Winter Skin Care: Guide to Combating the Cold Winter
Protecting your skin from the sun during the warm season is just as important during the cold. Shielding your body with pom-pom hats, eskimo jacket, mittens and scarves can only do so much. What you should really be doing to shield your skin from the cold is using a skin-care routine that is identical to an eskimo jacket. Here is a simple guide we’ve curated from the help of our Le Caprice Professionals to help you transition your fall to winter skin care routine.
1. Life can feel heavy at times, but your moisturizer doesn’t have to be. Thicker sweaters aren’t always better, that's the same case for your moisturizer. Your instincts it to reach for the most opulent moisturizer you can find, but stop and ask yourself: Does your skin break out easily? Is your skin oily? Put down that La Mer - it’s asking for blemishes. Rule of thumb, creams are heavier than lotions, which are richer in texture than ointments. According to Dr. P, “It’s not the viscosity of the products that makes the difference; it’s the level of active ingredients.” The most important thing is to find moisturizers that really penetrates and hydrate the skin. And if you’re breakout-prone, dermatologist Dr. Macrene-Alexiades says, “You may not use petrolatum- or oil-based formulas, or you will break out.”
2. The perfect winter moisturizer for you depends on your skin type. If your skin type is normal to oily, we recommend a rich formula that feels velvety so that it won’t leave you feeling patchy during the dry winds. If your skin is dry, opt for a lavish formula. And if you are oily-prone, reach for a moisturizer that has lipids that does not include oil or petrolatum. If you suffer from extremely dry skin, reach for an emollient moisturizer that locks in moisture, and follow with a second layer of cream moisturizer to finish.
3. Face oils don’t moisturize the skin. Again: Face oils do not hydrate your skin. Face oils are considered the apple-cider vinegar of moisturizers, as in readers assume it’s the magic solution to all problems. According to Dr. F, skin can’t readily absorb oily easily, hence why it can make you feel greasy. “The bad news is that face oil doesn’t penetrate the skin. But the good news is that it can give you a glow and add a protective layer from wind and outside forces. But it won’t hydrate the same way a cream or ointment would.” To get the most benefits from face oil is to add a few drops into your moisturizer so you can reap the advantage of both moisturizer and face oil.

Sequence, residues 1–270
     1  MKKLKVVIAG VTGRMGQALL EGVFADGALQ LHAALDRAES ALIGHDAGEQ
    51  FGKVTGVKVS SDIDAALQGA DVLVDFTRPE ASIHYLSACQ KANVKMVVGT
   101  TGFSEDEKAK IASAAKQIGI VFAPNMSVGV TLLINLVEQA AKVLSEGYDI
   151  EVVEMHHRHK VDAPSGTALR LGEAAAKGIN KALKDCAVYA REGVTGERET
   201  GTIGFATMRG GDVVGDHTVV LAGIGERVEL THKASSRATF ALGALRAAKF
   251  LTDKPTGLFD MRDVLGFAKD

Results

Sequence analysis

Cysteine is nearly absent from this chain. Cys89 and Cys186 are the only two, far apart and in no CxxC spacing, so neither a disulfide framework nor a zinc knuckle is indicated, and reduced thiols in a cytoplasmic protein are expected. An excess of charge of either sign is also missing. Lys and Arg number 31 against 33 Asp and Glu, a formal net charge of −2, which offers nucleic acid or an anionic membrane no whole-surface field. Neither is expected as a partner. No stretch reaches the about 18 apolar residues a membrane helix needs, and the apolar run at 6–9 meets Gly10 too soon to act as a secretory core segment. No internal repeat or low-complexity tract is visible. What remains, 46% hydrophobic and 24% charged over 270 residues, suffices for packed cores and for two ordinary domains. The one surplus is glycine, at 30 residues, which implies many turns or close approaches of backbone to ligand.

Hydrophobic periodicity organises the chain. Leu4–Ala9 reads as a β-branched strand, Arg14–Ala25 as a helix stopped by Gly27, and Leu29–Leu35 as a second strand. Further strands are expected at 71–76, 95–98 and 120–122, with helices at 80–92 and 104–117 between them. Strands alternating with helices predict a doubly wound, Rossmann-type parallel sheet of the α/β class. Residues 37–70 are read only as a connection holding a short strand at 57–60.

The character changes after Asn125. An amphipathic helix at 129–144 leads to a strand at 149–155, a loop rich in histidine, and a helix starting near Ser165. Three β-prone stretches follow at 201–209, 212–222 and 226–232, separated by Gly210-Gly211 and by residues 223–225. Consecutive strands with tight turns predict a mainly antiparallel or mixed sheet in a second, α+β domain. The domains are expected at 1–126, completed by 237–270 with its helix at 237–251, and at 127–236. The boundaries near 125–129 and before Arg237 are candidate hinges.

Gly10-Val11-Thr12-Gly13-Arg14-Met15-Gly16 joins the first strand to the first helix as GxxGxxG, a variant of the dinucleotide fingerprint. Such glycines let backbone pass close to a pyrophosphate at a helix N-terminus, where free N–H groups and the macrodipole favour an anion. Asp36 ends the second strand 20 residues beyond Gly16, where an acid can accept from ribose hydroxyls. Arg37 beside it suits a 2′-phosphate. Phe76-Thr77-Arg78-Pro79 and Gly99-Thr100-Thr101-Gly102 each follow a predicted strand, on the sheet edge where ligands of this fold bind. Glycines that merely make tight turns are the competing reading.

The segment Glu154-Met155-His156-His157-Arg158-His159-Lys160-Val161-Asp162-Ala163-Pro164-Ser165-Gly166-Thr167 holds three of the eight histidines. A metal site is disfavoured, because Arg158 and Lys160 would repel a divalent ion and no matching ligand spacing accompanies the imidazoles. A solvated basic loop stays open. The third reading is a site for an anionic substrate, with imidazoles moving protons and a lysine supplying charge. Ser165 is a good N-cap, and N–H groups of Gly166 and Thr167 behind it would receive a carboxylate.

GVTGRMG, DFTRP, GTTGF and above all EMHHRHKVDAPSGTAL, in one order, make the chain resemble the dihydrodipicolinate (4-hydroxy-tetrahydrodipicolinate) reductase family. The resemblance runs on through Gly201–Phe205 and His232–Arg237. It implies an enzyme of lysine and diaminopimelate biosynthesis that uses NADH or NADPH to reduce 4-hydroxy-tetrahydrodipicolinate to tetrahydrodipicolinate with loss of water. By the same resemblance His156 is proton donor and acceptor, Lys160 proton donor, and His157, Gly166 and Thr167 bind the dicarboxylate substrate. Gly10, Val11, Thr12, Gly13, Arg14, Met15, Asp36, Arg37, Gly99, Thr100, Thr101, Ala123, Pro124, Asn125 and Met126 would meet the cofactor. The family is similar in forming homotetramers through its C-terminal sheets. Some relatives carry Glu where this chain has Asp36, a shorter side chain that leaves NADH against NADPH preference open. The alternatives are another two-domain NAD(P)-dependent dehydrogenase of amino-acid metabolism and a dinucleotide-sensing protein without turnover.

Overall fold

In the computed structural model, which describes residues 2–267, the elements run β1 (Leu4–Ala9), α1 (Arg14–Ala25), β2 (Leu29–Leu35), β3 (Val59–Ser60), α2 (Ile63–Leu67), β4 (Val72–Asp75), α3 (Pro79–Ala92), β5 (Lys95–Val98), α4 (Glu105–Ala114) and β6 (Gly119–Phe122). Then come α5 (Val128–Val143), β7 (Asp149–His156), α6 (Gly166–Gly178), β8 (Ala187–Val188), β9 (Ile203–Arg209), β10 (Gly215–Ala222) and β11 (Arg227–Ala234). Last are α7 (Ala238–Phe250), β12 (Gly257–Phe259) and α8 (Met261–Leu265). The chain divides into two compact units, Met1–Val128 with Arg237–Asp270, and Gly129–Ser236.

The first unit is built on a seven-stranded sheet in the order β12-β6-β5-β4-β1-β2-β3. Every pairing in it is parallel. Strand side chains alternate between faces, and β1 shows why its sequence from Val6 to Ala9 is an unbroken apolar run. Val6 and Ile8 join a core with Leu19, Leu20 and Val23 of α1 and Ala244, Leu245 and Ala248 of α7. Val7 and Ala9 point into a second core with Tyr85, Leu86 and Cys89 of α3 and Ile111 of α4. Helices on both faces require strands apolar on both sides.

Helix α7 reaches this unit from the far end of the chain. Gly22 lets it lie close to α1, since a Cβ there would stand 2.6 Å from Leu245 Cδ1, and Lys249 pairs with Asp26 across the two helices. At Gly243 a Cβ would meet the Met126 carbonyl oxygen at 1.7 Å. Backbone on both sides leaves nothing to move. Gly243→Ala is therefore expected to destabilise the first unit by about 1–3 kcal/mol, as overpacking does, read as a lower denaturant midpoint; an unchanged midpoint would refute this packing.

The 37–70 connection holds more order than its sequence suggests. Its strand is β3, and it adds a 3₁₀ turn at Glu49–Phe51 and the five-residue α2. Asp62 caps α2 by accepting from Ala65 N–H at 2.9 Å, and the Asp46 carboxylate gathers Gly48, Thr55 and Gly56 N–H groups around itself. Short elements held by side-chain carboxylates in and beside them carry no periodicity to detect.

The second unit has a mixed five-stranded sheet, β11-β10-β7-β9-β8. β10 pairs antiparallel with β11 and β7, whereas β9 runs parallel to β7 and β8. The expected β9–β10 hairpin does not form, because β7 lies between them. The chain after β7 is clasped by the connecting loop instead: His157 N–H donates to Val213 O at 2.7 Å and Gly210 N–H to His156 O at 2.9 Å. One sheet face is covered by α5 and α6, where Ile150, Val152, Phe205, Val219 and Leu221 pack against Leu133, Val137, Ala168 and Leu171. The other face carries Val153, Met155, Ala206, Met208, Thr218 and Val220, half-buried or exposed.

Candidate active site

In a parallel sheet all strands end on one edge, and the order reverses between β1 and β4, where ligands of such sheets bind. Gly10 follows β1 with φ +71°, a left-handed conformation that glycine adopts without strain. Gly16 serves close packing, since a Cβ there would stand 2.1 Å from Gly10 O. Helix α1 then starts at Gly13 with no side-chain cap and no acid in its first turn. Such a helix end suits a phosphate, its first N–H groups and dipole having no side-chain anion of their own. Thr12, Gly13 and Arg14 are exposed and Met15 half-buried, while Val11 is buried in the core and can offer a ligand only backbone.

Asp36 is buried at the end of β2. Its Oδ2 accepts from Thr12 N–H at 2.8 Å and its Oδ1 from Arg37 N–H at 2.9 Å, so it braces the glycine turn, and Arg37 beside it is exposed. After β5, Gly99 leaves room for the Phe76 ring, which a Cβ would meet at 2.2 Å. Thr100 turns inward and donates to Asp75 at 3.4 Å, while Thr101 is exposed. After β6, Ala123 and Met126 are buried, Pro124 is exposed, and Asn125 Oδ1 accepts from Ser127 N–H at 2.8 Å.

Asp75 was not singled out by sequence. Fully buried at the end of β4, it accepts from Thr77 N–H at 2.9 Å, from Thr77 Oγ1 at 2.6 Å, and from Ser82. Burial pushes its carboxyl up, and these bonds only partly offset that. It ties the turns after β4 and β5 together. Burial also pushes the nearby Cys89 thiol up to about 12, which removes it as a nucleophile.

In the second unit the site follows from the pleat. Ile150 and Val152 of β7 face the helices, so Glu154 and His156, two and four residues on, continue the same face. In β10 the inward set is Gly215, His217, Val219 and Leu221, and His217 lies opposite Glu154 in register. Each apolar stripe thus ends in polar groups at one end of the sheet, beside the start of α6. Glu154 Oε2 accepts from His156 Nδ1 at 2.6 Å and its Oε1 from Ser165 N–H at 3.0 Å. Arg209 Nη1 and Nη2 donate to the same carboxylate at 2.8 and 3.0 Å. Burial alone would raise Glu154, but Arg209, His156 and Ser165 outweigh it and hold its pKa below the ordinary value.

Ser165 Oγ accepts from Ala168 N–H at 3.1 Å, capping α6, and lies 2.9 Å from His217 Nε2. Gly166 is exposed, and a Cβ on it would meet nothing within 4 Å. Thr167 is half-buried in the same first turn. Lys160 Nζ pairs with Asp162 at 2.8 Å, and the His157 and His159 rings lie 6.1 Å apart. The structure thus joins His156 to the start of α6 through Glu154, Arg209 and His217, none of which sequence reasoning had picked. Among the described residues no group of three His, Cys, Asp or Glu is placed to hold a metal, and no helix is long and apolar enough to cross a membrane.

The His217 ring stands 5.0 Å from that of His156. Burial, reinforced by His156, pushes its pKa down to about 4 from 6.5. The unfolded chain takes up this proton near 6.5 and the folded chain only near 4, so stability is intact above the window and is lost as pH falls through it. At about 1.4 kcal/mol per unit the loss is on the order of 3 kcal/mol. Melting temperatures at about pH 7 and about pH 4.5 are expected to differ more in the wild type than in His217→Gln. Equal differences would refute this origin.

4. Invest in a Humidifier. Your luscious locks enemy is a friend to your skin. Nearly all places, not to mention your office, are warmed with dry heat, and thus dehydrates your skin. Investing in a humidifier will let you have control over the water level in your environment.
5. Cut showers and baths short and not too hot. Dermatologist recommend that you keep showering time to a minimum. The best temperature is lukewarm, sort of like your feelings towards staying late at work on Fridays. Water does not hydrate your skin, thus excessively hot water will dehydrate and cause redness to skin.
6. Moisturize as if you’re being timed. Immediately following your facial wash or getting out of the shower, gently pat your skin dry and begin applying moisturizer. You cannot get your moisturizer on quick enough! After washing your face, pores are open and you want to apply the moisturizer right after, but make sure it’s not too damp or else that will dilute the product.
7. Incorporate more fish into your diet. Changes to your diet can keep your skin looking and feeling supple. Firstly, foods that contain omega-3s, which is in the entire fish family: halibut, salmon, sardines and anchovies. Stay away from coffee since it’s diuretics and alcohol due to its dehydrating properties. Sugary, and starchy foods can cause an inflammatory reaction in the body and consequences can lead to dry skin, acne, eczema, and rosacea. Bright side is that you can still eat sushi!
8. Limit exfoliation. If you notice that your skin is dry and flaky, resist the urge to exfoliate more than you usually would. Using harsh exfoliators or peeling agents will continue to weaken and strip your skin barrier when you need that protection the most.